Trans-Atlanticism can still rule the roost
The US and Europe have the opportunity to drive the global economy once more
While much of the world’s attention understandably is focused on the growing importance of Asia in the global economic system, November’s US-EU summit presents an opportunity for renewing the trans-Atlantic partnership.
If successful, a new US-EU trade pact would not only have hemispheric implications, but could build into something much larger – a far-reaching pluri-lateral services agreement.
Though representatives of the members of the WTO at the December Ministerial paid lip service to concluding the Doha Round (also known as the Doha Development Agenda, or DDA), there was a quiet acceptance that alternative pathways to trade liberalisation must be found.
Somewhat untethered from the DDA, governments are developing new ideas and breathing new life into old ideas to address 21st century trade barriers. A US-EU trade pact is one such old idea that has received new attention and energy in the post-Doha trade regime.
At the November US-EU summit, leaders called for the creation of a bilateral High-Level Working Group on Jobs and Growth under the umbrella of the ‘Transatlantic Economic Council’.
The group’s mandate is to provide a report on avenues for trans-Atlantic trade liberalisation by the summer of 2012.
While many promising ideas have died in the form of “working groups” and “committees”, I remain cautiously optimistic that the renewed focus on finding alternative pathways to trade liberalization has created an environment in which this Working Group, humble as its origins may be, can be the start of an ambitious, high-standard trade agreement.
The key to success in US-EU trade negotiations is to abandon the “single undertaking” model, and allow negotiations in services, manufacturing and agriculture to proceed independently.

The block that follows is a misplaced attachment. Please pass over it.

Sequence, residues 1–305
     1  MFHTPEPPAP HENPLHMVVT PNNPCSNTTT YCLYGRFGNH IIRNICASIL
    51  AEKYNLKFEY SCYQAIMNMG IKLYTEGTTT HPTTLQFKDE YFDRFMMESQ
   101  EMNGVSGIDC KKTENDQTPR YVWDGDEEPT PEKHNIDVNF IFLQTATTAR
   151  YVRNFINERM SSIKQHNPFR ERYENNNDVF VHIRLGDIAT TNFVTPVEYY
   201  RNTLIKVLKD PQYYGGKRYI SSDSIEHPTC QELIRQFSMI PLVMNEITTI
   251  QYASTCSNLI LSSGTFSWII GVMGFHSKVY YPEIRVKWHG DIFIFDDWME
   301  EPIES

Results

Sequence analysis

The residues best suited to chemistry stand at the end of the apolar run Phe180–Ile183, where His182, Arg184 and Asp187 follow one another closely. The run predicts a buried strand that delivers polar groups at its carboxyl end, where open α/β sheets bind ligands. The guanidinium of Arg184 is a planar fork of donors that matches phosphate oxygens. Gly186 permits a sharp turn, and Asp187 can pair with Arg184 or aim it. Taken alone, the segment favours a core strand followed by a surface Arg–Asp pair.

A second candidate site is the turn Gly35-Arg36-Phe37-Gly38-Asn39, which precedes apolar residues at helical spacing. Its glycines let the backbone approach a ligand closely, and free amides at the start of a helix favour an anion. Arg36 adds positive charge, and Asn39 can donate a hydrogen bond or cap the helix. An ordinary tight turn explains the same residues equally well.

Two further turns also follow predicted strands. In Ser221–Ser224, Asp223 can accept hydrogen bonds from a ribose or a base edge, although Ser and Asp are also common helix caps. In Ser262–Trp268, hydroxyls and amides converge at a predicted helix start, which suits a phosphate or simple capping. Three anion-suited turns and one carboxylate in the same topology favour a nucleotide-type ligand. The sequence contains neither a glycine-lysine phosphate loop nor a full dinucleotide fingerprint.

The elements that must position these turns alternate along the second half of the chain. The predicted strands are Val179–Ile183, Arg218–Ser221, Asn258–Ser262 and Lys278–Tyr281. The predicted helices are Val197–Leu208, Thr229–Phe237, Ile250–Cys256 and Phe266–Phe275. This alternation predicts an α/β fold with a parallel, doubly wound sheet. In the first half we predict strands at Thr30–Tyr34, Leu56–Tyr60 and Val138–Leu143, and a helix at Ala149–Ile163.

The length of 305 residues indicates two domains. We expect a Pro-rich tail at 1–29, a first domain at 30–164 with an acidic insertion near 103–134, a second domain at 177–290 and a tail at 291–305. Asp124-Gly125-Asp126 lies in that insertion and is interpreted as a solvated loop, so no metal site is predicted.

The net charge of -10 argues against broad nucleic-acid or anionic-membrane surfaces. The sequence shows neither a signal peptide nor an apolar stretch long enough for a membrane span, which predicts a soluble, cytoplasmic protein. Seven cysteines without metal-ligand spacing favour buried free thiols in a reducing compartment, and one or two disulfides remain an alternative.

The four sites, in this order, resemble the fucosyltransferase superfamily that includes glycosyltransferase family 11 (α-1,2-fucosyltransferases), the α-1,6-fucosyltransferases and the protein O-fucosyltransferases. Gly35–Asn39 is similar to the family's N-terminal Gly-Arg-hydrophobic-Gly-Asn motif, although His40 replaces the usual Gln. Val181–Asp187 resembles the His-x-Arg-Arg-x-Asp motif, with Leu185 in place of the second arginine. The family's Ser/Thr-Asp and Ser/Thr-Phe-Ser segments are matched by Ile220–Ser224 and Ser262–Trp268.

A similar plan for “parallel but separate negotiations” was recently proposed by the US Chamber of Commerce.
The benefits of such negotiations certainly are not limited to services, but a services-only negotiation between the EU and the US would build upon the highly beneficial trans-Atlantic services trade that already exists.
While financial and other business-related services are those services that are most commonly associated with US-EU trade (think of the financial transactions between New York and London), telecom, legal, media, delivery and other services sectors have a great deal to gain from closer links between the Europe and the US as well. If successful, the result would be a high-standard services agreement that should include an investment agreement, regulatory cooperation, the free flow of data, a level playing field between private and state-supported businesses, and address other 21st Century services trade issues.
That agreement could lead to significant economic growth in and of itself. However, it is possible that it could grow larger as other nations ask to join the hypothetical high-standard US-EU services agreement out of fear of being left as disadvantaged trading partners of the world’s two largest services providers.
Such an agreement would be consistent with Article V of the WTO’s General Agreement on Trade in Services, and would set a new standard for services trade liberalisation. The anticipated growth of the Trans-Pacific Partnership (TPP) negotiations, which Japan, Canada and Mexico seek to join, presents an example of how smaller trade negotiations can “snowball” into much larger agreements.
The US-EU services agreement could evolve into a significant pluri-lateral services agreement – those countries that can and will join will enjoy its benefits, creating an incentive for others to join.
The challenges facing a successful conclusion of a US-EU trade pact are numerous. However, the renewed focus on the trans-Atlantic economic partnership creates the possibility, however fraught with obstacles, to make a significant impact on the global trade regime.
Stephen Simchak is the Program Manager of a Washington-based association that represents U.S. services corporations in international trade matters, and previously was an aide to U.S. Congressman Randy Forbes (R-VA)
We are wholly dependent on the kindness of our readers for our continued work. We thank you in advance for any support you can offer.